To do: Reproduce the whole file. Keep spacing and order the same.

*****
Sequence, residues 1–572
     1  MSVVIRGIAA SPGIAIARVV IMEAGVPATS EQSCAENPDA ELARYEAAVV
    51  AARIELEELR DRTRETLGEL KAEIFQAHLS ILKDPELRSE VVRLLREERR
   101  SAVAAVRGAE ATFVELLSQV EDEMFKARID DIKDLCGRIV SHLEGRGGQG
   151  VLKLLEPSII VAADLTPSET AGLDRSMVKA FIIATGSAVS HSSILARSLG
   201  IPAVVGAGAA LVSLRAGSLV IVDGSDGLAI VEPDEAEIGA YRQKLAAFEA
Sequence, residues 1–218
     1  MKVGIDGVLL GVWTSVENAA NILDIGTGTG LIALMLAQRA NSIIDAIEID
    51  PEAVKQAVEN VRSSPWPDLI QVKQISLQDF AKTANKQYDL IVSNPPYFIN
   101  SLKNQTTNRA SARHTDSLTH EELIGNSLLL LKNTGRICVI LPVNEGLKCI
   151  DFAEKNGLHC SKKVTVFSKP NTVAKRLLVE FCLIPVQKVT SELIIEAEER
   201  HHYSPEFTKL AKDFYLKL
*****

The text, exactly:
Sequence, residues 1–572
     1  MSVVIRGIAA SPGIAIARVV IMEAGVPATS EQSCAENPDA ELARYEAAVV
    51  AARIELEELR DRTRETLGEL KAEIFQAHLS ILKDPELRSE VVRLLREERR
   101  SAVAAVRGAE ATFVELLSQV EDEMFKARID DIKDLCGRIV SHLEGRGGQG
   151  VLKLLEPSII VAADLTPSET AGLDRSMVKA FIIATGSAVS HSSILARSLG
   201  IPAVVGAGAA LVSLRAGSLV IVDGSDGLAI VEPDEAEIGA YRQKLAAFEA
Sequence, residues 1–218
     1  MKVGIDGVLL GVWTSVENAA NILDIGTGTG LIALMLAQRA NSIIDAIEID
    51  PEAVKQAVEN VRSSPWPDLI QVKQISLQDF AKTANKQYDL IVSNPPYFIN
   101  SLKNQTTNRA SARHTDSLTH EELIGNSLLL LKNTGRICVI LPVNEGLKCI
   151  DFAEKNGLHC SKKVTVFSKP NTVAKRLLVE FCLIPVQKVT SELIIEAEER
   201  HHYSPEFTKL AKDFYLKL